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Tolerance and Efficacy of Amiklin Administration During Nosocomial Infections Complicating COVID-19 in the ICU (ReaMax2)

The safety and scientific validity of this study is the responsibility of the study sponsor and investigators. Listing a study does not mean it has been evaluated by the U.S. Federal Government. Read our disclaimer for details.
 
ClinicalTrials.gov Identifier: NCT05511129
Recruitment Status : Active, not recruiting
First Posted : August 22, 2022
Last Update Posted : August 26, 2022
Sponsor:
Information provided by (Responsible Party):
Groupe Hospitalier Paris Saint Joseph

Brief Summary:

The most severe infectious episodes are managed in intensive care. Classically, a distinction is made between sepsis, an infection associated with an inappropriate, excessive response of the immune system, responsible for organ dysfunction, and septic shock, during which, within the potential dysfunctions, hemodynamic alteration is central, requiring the introduction of catecholamines. The seriousness of these disorders, particularly because of their potential short-term severity, requires immediate treatment. The treatment of severe infections is based on the control of microbial proliferation, particularly bacterial. In this context, the speed of antibiotic therapy is associated with patient prognosis. If the administration of antibiotic therapy is an emergency during severe infections, particularly in situations of septic shock, its choice is decisive in the effectiveness of management and in the prognosis of the patient. Prior to microbiological results, antibacterial treatment is probabilistic. In spite of these numerous parameters, failure of probabilistic antibiotic therapy, due to a spectrum unsuited to the pathogens, is described in 15 to 30% of cases. In order to limit the risk of inappropriate treatment, it is recommended that broad-spectrum antibiotic therapy be used in states of shock of infectious origin. Because of their bactericidal properties, their kinetics of effectiveness, their marked post-antibiotic effect, their bioavailability in the plasma sector, and their synergy with beta-lactams, aminoglycosides are often recommended in combination in the initial probabilistic treatment. Despite numerous studies and extensive international experience with aminoglycosides, their real value in the management of severe infections remains uncertain, leading to contradictory information depending on whether one is interested in their benefit in the treatment of identified infections or in the probabilistic treatment of severe conditions.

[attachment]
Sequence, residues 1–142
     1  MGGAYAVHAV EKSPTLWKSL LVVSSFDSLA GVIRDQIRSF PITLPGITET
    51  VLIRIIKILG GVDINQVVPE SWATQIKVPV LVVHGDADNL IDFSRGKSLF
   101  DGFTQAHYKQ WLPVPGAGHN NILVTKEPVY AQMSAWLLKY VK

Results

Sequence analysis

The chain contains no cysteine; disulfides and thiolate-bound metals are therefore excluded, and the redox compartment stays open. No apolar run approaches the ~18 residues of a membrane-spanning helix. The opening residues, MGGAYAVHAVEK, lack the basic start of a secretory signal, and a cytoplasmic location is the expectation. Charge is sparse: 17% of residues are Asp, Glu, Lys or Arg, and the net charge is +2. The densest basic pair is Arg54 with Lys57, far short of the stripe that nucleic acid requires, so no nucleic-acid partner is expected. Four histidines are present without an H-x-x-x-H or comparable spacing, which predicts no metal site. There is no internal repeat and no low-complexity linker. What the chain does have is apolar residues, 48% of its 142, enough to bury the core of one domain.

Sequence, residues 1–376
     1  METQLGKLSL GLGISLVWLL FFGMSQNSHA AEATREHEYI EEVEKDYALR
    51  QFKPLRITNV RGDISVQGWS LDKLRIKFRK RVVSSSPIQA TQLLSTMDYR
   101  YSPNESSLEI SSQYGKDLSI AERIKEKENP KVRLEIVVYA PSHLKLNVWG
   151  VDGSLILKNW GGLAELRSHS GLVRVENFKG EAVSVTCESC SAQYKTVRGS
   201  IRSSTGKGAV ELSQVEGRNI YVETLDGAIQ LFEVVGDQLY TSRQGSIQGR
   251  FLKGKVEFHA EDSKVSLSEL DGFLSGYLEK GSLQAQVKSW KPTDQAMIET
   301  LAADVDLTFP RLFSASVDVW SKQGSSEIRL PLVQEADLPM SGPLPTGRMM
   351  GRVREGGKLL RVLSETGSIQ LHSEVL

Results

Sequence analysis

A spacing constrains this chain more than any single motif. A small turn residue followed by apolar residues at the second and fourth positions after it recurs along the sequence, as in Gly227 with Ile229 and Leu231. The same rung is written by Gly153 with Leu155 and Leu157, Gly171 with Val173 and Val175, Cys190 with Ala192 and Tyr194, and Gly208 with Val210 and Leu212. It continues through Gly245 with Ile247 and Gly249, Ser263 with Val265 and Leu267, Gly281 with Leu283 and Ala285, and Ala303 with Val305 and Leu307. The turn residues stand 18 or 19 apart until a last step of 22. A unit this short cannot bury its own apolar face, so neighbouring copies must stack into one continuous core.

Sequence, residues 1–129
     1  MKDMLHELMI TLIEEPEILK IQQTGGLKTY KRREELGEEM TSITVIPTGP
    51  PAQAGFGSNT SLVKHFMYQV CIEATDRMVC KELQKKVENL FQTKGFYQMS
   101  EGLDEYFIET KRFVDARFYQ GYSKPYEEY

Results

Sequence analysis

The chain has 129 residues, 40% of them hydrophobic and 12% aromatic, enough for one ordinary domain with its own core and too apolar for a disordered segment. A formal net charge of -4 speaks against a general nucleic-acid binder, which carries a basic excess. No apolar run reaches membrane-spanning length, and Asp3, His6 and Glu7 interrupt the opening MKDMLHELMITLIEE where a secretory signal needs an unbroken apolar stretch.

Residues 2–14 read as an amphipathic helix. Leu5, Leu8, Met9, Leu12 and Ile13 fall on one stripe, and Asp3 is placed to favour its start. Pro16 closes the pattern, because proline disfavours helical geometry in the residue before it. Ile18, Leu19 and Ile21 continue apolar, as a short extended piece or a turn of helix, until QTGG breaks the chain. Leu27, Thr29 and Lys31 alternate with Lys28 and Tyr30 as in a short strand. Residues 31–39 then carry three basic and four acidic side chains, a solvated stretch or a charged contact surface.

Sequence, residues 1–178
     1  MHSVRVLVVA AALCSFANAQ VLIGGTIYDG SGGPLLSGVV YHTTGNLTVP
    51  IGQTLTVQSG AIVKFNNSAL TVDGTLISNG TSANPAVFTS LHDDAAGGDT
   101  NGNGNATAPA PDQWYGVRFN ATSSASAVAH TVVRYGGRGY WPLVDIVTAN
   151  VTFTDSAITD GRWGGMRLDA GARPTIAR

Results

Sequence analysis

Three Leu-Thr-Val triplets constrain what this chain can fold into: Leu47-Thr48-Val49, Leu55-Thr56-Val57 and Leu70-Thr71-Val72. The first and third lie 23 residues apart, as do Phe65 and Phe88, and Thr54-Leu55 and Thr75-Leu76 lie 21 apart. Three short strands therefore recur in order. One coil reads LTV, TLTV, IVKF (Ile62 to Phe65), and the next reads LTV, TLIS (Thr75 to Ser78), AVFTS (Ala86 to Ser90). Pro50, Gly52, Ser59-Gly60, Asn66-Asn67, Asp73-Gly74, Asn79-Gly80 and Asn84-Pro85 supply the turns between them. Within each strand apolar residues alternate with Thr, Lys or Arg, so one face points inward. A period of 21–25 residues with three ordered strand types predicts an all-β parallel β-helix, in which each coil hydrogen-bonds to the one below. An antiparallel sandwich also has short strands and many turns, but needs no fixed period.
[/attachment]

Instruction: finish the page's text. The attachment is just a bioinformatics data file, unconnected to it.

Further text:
During the management of severe intensive care patients, the pharmacokinetics of drugs, especially antibiotics, are considerably modified. As a result, monitoring of plasma, or better, tissue concentrations of antibiotics is suggested by learned societies, although their practical realization is still very limited by numerous obstacles.

Misuse of aminoglycosides is associated with a risk of acute renal failure, centered on the tubular toxicity of the antibiotic. While the risks associated with inappropriate frequency of administration are currently modest, those associated with high peak concentration, responsible for an increase in the duration of renal exposure, are not well known.

COVID-19 is also associated with a high risk of impaired renal function. The effect of aminoglycoside administration in the context of COVID-19 remains unknown. Our goal is to determine whether the presence of COVID-19 associates with an elevated risk of renal failure when prescribing aminoglycoside.


Condition or disease
COVID-19 Nosocomial Infection

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Study Type : Observational
Actual Enrollment : 1053 participants
Observational Model: Cohort
Time Perspective: Retrospective